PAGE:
The race to get to the Bay of Biscay and out into the Atlantic was on last night as teams chased each other with good boat speed. However overnight light winds and strong northerly tides off the island of Ushant (the south west end of the English Channel and the north-westernmost point of France) have cruelly affected the back half of the pack, allowing an early gap to widen between them and the leaders.
The fleet had covered the 355nm from the Southend start line to Ushant in 37.5hrs, meaning a good average boat speed of 9.47 knots. However the back seven placed teams are now being pushed backwards after the wind in the area died and crew start to experience the significance of tidal change.
The lead is currently changing hands between LMAX Exchange and GREAT Britain (as of 0900 UTC). Third-placed Derry~Londonderry~Doire, Garmin in fourth, and fifth place Qingdao made it past Ushant before the conditions changed and are now selecting their best routes through the Bay of Biscay.
GREAT Britain’s Peter Thornton says: “It would appear that LMAX Exchange is going in the same direction as us. Either that or we're match racing. I have been considering taking a completely different navigation plan just to stop my uncontrollable need to watch Olivier’s every move and check the AIS (Automatic Identification System) quite so regularly.
“However, Qingdao, Derry~Londonderry~Doire, and Garmin are all still very close behind and with us now into the Bay of Biscay, we're splitting to find the best winds to make Finisterre.”
Looking to close in on the leaders, Garmin skipper Ashley Skett says: “We are quite fortunate to be heading past Ouessant (the French name for Ushant) at the perfect time- at the beginning of a very strong favourable tide. Unfortunately though, so are our closest competitors!”
Visit Seattle skipper Huw Fernie, currently sixth, explains the conditions that affected the rest of the fleet: “All was going well until we got to Ushant, where the wind has dropped off altogether and the tide is pushing us back as fast as we can sail forward.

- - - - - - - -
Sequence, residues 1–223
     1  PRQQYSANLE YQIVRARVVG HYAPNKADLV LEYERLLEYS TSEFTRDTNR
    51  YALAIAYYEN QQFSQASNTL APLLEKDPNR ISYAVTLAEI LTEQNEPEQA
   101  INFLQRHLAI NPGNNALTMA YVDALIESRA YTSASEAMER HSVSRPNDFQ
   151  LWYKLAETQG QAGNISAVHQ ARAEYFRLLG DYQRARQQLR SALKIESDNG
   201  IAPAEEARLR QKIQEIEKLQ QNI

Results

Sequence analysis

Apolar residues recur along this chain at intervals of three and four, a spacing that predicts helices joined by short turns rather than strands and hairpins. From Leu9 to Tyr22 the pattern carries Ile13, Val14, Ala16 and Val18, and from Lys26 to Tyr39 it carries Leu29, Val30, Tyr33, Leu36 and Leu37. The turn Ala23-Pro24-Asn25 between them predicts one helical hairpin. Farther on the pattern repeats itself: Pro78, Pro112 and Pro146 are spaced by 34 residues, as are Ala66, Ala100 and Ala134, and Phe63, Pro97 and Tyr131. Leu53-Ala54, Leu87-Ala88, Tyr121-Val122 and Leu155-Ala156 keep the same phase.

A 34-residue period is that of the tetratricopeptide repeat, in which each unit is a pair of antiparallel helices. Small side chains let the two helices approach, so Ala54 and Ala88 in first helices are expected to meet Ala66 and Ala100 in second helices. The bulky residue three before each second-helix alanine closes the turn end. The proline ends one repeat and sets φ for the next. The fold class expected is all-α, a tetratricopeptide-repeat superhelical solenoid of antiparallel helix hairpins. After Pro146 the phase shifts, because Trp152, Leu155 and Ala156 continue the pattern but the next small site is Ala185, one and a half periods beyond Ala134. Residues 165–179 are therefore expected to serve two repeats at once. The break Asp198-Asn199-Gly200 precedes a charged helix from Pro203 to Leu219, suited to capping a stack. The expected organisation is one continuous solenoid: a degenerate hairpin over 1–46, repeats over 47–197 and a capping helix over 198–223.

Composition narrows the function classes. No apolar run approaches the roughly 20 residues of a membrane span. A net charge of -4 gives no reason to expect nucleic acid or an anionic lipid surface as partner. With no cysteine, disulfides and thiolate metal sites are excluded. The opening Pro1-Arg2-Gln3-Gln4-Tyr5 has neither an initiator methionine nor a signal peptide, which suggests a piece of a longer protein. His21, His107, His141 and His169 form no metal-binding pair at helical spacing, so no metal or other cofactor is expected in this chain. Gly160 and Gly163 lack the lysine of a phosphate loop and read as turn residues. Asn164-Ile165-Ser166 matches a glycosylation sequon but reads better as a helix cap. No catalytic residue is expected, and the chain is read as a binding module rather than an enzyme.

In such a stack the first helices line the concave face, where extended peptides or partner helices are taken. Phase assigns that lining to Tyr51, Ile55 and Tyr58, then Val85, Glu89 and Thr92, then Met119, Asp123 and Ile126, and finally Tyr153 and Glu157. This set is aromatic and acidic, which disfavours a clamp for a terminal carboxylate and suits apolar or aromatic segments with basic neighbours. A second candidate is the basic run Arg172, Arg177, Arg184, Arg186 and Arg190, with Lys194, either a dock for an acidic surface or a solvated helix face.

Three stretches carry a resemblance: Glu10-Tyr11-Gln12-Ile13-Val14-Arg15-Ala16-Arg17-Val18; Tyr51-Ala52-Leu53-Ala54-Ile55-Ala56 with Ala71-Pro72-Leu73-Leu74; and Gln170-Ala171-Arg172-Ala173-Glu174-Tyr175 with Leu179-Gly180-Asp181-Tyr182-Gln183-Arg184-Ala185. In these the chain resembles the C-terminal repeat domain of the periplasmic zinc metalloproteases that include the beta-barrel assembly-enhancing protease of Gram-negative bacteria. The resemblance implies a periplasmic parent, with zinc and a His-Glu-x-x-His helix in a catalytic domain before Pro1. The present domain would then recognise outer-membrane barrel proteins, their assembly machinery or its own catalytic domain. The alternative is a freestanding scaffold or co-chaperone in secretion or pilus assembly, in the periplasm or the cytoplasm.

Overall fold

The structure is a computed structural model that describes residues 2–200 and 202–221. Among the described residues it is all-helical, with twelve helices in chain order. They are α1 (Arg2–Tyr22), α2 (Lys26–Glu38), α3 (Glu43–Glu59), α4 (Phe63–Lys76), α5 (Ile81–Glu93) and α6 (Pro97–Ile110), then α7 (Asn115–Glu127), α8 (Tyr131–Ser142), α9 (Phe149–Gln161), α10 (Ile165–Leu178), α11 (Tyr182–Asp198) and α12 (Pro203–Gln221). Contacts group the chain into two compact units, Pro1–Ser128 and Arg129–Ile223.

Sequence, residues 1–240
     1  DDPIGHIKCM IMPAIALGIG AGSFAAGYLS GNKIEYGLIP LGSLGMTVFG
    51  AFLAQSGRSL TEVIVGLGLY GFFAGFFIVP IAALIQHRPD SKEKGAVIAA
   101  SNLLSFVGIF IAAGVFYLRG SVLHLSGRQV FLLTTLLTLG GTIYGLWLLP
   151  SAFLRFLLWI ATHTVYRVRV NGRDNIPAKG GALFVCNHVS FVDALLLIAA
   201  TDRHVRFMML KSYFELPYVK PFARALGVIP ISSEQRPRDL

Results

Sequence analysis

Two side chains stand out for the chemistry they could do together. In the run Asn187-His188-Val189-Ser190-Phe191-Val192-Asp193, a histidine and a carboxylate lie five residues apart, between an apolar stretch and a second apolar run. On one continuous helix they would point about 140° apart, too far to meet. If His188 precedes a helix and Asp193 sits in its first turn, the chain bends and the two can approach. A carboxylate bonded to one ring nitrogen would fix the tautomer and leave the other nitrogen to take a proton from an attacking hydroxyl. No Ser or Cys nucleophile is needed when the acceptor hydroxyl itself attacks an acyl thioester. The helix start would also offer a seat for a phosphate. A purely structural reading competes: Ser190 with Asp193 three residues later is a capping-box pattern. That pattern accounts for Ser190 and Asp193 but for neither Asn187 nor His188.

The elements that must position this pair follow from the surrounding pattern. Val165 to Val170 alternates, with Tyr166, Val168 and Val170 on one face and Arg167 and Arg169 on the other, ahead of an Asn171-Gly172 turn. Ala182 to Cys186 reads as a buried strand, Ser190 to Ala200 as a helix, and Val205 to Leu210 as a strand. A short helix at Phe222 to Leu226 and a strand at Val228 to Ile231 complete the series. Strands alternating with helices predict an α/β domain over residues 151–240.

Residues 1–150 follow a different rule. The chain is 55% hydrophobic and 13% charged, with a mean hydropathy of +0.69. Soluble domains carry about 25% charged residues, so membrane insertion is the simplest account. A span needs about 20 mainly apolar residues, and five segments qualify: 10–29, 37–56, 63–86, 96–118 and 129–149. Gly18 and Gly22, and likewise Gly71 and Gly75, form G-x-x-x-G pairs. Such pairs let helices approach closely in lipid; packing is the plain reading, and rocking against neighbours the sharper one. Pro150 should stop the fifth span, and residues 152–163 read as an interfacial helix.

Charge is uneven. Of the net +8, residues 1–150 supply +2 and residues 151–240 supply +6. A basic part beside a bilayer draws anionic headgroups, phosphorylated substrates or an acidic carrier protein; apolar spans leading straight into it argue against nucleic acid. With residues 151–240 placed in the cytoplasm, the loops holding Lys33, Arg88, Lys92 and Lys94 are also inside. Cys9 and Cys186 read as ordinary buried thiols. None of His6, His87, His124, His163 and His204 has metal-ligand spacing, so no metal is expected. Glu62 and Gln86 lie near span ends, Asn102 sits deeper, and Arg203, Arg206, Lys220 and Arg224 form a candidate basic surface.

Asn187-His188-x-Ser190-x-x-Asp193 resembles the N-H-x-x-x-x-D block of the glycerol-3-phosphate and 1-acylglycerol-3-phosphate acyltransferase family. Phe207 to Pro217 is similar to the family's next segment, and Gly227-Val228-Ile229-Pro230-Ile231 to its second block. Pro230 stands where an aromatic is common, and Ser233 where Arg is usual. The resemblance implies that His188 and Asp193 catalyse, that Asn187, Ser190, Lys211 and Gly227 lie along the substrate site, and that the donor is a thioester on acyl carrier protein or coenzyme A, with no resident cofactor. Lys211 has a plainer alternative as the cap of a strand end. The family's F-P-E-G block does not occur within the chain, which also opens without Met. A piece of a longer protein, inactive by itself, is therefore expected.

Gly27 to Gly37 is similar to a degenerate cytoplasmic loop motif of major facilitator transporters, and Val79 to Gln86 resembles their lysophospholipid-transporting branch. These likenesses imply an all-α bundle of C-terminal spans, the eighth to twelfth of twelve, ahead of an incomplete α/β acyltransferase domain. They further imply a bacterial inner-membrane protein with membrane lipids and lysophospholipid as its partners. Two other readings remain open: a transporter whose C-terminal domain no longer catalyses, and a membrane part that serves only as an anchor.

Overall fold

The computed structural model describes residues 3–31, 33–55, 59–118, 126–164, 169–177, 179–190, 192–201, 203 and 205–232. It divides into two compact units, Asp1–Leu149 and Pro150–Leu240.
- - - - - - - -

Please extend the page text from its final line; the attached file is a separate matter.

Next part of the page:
“A very frustrating night of slow progress and watching the others (who made it past the corner before the tide turned) sail away, has really put us into the back pack. Still, the crew are all in good spirits and we have a long way to go to make up the distance.”
Da Nang-Viet Nam skipper Wendy Tuck, ninth, is doing her best to stay optimistic: “We did very well until the great Ile D'ouessant tidal drift. We have been seeing this lighthouse for some time now, with a fair bit of the fleet around us. We now have the spinnaker up and hope to make better time against the tide as it is due to change in a few hours.”
It wasn’t all bad news at the back though as Mission Performance went from twelfth to eighth, though are currently tenth, Skipper Greg Miller explains: “After being gutted about being last, the crew picked themselves up and got on with beating those in front of us! Then we overtookIchorCoal and Unicef, then ClipperTelemed+ before sailing ourselves into a wind hole. We currently have the medium weight kite up and are rigging the lightweight sheets to move in the right direction.
He adds: “There are about six of us inside this very little space trying to get out ahead of each other. We will see who can do it in the next schedule. At least we will know as we are within throwing distance of each other!”
When will the tides ease and the winds pick up for the back six teams? Who will get out first? Follow along via the Race Viewer below to keep updated.
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